This high-uncertainty stock is about 30 per cent undervalued today according to our metrics, trading at 4-star levels.

China Mobile

The largest telecom operator in the world, China Mobile boasts more than 925 million subscribers, with 61 per cent of the 4G telecom market in China and 60 per cent of the total wireless market. We think the firm has carved out a stable, narrow economic moat. Its large subscriber base allows it to keep its subscribers' calls on its own network, which stifles costs and allows it to generate burly free cash flows, says Morningstar director Dan Baker.

"The Chinese government is the main reason we don't believe China Mobile has a wide economic moat," he explains. "The Chinese government is the firm's controlling shareholder, customer, regulator, and competitor. As the government also controls its two competitors, China Unicom and China Telecom, it wants a more even distribution of customers."

Though China Mobile had a head start on its 4G network rollout, competition has become more aggressive. We expect the company to maintain earnings growth at low- to mid-single-digit rates annually in the medium term, says Baker.

This medium uncertainty stock is trading about 28 per cent below our fair value estimate as of this writing, placing it in 4-star territory.

Anheuser-Busch InBev

The largest brewer in the world recently made headlines by announcing that it was selling its Carlton & United Breweries to Asahi for US$11.3 billion. While we think that the deal is a bit better financially for AB InBev than for Asahi, we maintained our US$118 fair value estimate on the brewing giant on the news.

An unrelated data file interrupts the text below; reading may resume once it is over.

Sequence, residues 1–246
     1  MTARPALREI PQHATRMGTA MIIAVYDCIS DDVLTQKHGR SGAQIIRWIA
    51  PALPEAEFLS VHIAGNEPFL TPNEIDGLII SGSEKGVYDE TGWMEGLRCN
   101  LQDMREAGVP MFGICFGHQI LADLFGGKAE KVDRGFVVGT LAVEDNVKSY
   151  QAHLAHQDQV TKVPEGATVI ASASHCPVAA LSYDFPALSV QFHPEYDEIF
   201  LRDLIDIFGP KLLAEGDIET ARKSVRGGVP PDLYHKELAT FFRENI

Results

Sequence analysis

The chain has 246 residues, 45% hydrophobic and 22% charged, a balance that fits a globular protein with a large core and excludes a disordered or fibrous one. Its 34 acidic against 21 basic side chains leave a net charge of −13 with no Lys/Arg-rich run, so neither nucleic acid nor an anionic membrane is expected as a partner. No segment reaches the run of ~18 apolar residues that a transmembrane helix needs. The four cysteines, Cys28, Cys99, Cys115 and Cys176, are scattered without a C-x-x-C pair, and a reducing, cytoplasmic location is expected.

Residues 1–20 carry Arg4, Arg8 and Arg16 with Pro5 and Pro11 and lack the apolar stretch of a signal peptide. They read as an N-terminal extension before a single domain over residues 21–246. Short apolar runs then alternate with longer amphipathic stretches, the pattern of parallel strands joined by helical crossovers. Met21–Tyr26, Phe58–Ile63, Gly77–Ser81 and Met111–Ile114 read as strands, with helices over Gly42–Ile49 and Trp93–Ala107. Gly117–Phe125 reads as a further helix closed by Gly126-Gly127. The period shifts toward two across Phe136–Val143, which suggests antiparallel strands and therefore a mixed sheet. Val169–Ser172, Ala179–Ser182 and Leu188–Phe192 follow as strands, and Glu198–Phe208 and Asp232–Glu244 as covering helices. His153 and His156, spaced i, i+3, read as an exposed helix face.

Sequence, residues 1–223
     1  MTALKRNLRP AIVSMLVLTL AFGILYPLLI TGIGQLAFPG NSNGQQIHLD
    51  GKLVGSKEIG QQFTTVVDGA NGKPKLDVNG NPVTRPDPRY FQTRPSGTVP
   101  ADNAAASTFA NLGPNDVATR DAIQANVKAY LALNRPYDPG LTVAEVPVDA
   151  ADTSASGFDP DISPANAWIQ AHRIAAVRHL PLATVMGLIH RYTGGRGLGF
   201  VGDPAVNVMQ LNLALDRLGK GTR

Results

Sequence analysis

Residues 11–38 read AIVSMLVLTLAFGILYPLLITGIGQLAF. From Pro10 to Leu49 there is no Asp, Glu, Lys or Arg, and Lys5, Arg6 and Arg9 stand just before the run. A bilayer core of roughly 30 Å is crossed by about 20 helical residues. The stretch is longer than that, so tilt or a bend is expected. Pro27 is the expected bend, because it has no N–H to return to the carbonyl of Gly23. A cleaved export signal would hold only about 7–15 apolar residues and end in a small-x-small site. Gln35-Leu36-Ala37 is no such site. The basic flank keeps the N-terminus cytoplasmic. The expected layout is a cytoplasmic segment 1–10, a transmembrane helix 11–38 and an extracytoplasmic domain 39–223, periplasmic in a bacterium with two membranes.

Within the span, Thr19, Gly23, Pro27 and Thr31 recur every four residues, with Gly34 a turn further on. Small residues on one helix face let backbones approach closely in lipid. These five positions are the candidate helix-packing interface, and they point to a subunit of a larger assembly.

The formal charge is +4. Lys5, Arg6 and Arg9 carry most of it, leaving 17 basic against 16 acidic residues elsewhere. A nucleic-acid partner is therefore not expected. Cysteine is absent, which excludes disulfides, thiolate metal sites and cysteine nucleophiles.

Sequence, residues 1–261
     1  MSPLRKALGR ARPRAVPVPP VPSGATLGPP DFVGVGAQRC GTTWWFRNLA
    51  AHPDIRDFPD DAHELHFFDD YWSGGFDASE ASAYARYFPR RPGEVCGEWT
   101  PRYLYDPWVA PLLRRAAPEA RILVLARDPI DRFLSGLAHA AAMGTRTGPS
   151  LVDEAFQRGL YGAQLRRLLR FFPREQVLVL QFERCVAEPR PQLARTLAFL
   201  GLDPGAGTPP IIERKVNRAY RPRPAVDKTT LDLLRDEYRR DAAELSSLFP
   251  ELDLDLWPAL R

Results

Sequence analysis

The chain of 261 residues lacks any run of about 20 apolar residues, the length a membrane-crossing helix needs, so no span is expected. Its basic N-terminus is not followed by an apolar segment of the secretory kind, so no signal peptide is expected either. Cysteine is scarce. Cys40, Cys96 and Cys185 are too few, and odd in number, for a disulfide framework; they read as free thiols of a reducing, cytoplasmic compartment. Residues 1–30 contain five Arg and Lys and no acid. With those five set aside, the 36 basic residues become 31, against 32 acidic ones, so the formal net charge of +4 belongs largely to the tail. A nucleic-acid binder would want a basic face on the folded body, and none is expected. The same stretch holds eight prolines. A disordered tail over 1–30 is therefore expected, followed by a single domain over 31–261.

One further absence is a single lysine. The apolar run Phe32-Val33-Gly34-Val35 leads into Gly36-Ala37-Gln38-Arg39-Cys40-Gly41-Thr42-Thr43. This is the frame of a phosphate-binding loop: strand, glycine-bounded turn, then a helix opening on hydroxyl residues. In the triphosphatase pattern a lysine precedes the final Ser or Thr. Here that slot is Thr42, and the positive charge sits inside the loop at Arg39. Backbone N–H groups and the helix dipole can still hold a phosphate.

AB InBev boasts one of the strongest cost advantages among the consumer defensive stocks we cover, notes Morningstar director Philip Gorham. Moreover, it's one of the most efficient operators in the space. Its wide, stable economic moat stems from a cost advantage versus its peers and its intangible assets.

"Highly effective cost strategies are at the core of AB InBev's success," argues Gorham. "The firm has been acquisitive, having made transformative deals for Interbrew and Anheuser-Busch, and more recently acquiring Grupo Modelo, Oriental Brewery, and SABMiller.

"Management's playbook is to buy brands with a promising growth platform, expand distribution, and ruthlessly squeeze costs from the business."

In fact, management is so good at damping costs and allocating capital that we've awarded it an Exemplary Morningstar Stewardship Rating.

This low-uncertainty stock is about 20 per cent undervalued today, landing it in 5-star territory.


Based in Switzerland, this global supplier of electrical equipment and automation products has an enviable base of robotics and automation customers, solidly positioning it to benefit from the "Industrial Internet of Things," says Morningstar director Denise Molina. The number one or two supplier in all of its core markets, ABB's wide moat and stable moat trend stem from switching costs and intangible assets.

"Both its robotics and industrial controller (used to program equipment) products have leading market share and enjoy loyal customer bases that would be difficult for competitors to capture," Molina observes. "Furthermore, ABB's electrification products division offers some overlap with other customer segments, such as process industries, that could prove useful in cross-selling the automation portfolio."

Growing demand has forced ABB and its competitors to regularly refresh their products--which the firm has been slow to do. Moreover, its software strategy lags that of some of its competitors. We nevertheless expect the firm to out-earn its cost of capital for the next 20 years.

This medium-uncertainty stock trades 25 per cent below our fair value estimate as of this writing, placing it in 4-star range.

is director of content for Morningstar.com.